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    ). Bashpayev does not appear to have appealed against his sentence.A court in the southern Kyzylorda Region handed Salafi Muslim Kasimkhan Mukhanbetaskar a suspended sentence of two years and ten months for posting Islamic material on social media which prosecutors claimed "incited religious hatred". The court, prosecutors and investigators have refused to tell Forum 18 what the material was, so it is impossible to determine either whether freedom of religion or belief has been violated, or if the accused advocated the destruction of others' human rights (see below).Jehovah's Witness prisoner of conscience and cancer sufferer Teymur Akhmedov has lodged his appeal to Astana City Court against his five-year prison term (see below).A court in Oral (Uralsk) has extended the pre-trial detention of former Saudi-based Imam Abdukhalil Abduzhabbarov as he awaits trial on charges of "inciting religious hatred" under Article 174 (see below).Atheist writer Aleksandr Kharlamov – under investigation in East Kazakhstan Region under Criminal Code Article 174 - has dismissed an "expert analysis" which claimed to find "incitement to religious hatred" in his writings. He has appealed to the Prosecutor for a new analysis (see below).Police in Oral have told a Jehovah's Witnesses that charges against him of "inciting religious hatred" under Criminal Code Article 174 have been dropped. He will be prosecuted under the Administrative Code (see below).Seventh-day Adventist prisoner of conscience Yklas Kabduakasov, imprisoned under Criminal Code Article 174, is due for release at the beginning of October. He has been encouraged in prison in Pavlodar by many letters he has received from fellow-Christians around the world (see below).More prisoners of conscience punished for exercising freedom of religion or belief have had their bank accounts frozen after being added to the financial blacklist (see below).Kokshetau: Seytzhanov's five year prison termAnother Sunni Muslim who studied his faith in Saudi Arabia has been imprisoned, this time in Akmola Region. On 9 June Judge Ilyas Kakim at Kokshetau City Court found 28-year-old Nariman Seytzhanov guilty under Criminal Code Article 174, Part 1 ("Incitement of social, national, clan, racial, or religious hatred or discord"). The Judge handed him a five-year prison term in an ordinary regime labour camp, the term the prosecutor had been demanding. He denied the charges.Seytzhanov was also ordered to pay a fee of 91,693.58 Tenge, according to the verdict seen by Forum 18. This is to cover the cost of "expert analyses", completed on 13 January and 14 March, of his three recorded lectures.Seytzhanov intends to appeal to Akmola Regional Court, a friend told Forum 18 on 15 June.Seytzhanov's closed trial began on 25 April. The verdict was handed down at a closed session and no other parties were allowed into the courtroom to hear it being read, one of Seytzhanov's friends told Radio Free Europe's Kazakh Service the same day.Seytzhanov – who had studied his faith in Saudi Arabia – worked in a travel agency in Astana. He led a group of pilgrims on the umra pilgrimage to Mecca in October 2016. He was arrested by Kyrgyzstan's National Security Committee (NSC) secret police in January 2017. They handed him over to Kazakhstan's National Security Committee (KNB) secret police.Seytzhanov was formally arrested in Kazakhstan on 15 January. He has been held since his arrest in Kokshetau's Interior Ministry Investigation Prison No. 20 (see F18News 18 April 2017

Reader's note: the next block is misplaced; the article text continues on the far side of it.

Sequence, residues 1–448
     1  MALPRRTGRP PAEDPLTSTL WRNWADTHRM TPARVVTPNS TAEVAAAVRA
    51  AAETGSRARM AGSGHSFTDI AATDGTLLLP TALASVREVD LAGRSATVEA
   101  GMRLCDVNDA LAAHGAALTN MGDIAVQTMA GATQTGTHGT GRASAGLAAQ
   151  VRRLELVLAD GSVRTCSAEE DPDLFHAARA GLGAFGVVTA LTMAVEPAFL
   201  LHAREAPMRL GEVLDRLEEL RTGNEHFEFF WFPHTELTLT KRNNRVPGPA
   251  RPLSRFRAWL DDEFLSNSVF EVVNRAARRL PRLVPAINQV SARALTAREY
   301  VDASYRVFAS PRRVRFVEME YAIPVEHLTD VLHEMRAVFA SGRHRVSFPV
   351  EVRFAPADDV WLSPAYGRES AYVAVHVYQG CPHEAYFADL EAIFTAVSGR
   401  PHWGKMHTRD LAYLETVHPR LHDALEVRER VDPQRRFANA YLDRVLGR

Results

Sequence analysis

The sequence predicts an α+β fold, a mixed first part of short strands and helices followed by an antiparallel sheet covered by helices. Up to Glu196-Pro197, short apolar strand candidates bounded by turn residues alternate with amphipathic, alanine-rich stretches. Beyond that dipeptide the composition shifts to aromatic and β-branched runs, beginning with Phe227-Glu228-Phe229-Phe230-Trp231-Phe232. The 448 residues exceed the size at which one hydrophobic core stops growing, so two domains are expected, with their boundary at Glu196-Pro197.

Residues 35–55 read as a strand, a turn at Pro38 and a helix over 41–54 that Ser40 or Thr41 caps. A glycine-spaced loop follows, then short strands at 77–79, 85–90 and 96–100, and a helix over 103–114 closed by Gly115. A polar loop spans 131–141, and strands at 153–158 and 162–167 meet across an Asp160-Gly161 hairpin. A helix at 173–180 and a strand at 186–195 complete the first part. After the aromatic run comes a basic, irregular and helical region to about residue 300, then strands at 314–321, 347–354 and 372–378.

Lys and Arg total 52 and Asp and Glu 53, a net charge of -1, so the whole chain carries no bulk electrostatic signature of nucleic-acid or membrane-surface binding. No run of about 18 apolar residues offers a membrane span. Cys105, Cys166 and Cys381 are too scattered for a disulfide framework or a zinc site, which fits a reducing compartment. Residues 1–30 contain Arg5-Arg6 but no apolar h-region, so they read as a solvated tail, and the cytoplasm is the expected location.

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    ).Prosecutors accused Seytzhanov of inciting religious hatred by "speaking negatively of mashabs [schools of Islamic thought]" on the basis of talks he gave while leading pilgrims on the umra pilgrimage to Saudi Arabia in October 2016. Three audio-recordings were placed on the internet. Prosecutors alleged he had recorded them and made them public.However, Seytzhanov's lawyer Bakhyt Suleimenova denied this to Radio Free Europe's Kazakh Service. She said he did not know who had made the recordings or uploaded them to the internet. "Nothing in these talks was against the law," Suleimanova told Radio Free Europe."He simply explained to people how to conduct the haj or umra pilgrimage, and explained in general the fundamentals of the religion so that all we Muslims and all people would be in unity," his friend told Radio Free Europe, "so that there would be no schisms, as in Syria or Ukraine where murders take place, that the people would not be divided." Seytzhanov also called on his listeners to respect the President "so that no one would go against the government" and obey imams.The Judge ordered the hearings closed allegedly to protect the identity of two witnesses who feared for their safety.Suleimanova questioned why the hearings needed to be closed. "According to the Criminal Procedure Code, this is for when there are sexual crimes, such as rapes.""Only Nariman's wife was able to attend the trial," a friend of Seytzhanov told Forum 18 on 15 June. "None of his other friends or relatives were allowed into the court building."Almaty: Korzhavin's five years' restricted freedomAn Almaty-based Sunni Muslim received a suspended sentence after admitting his "mistake". At a one-day trial on 11 May, Judge Nariman Begaliyev of the city's Almaly District Court found Denis Korzhavin guilty under Criminal Code Article 174, Part 1 ("Incitement of social, national, clan, racial, or religious hatred or discord"). The Judge handed him a five-year term of restricted freedom.Korzhavin was punished for lectures in Russian based on the Arabic-language Muslim book "The Three Fundamental Principles". This was banned in Kazakhstan in 2014. Recordings of the lectures were posted on the internet. "Experts" appointed by the prosecution claim to have found incitement to hatred in Korzhavin's lectures.In February 2014, Astana's Saryarka District Court found a book at least partly written by Salafi Muslim Mohammed ibn Abdul-Wahhab "extremist". The book - a Russian translation of the work "Explanation of the Three Fundamental Principles of Islam" – is 543 pages and was published in Cairo in 2008. Mohammed ibn Abdul-Wahhab helped found a precursor to the present-day kingdom of Saudi Arabia (see F18News 10 October 2014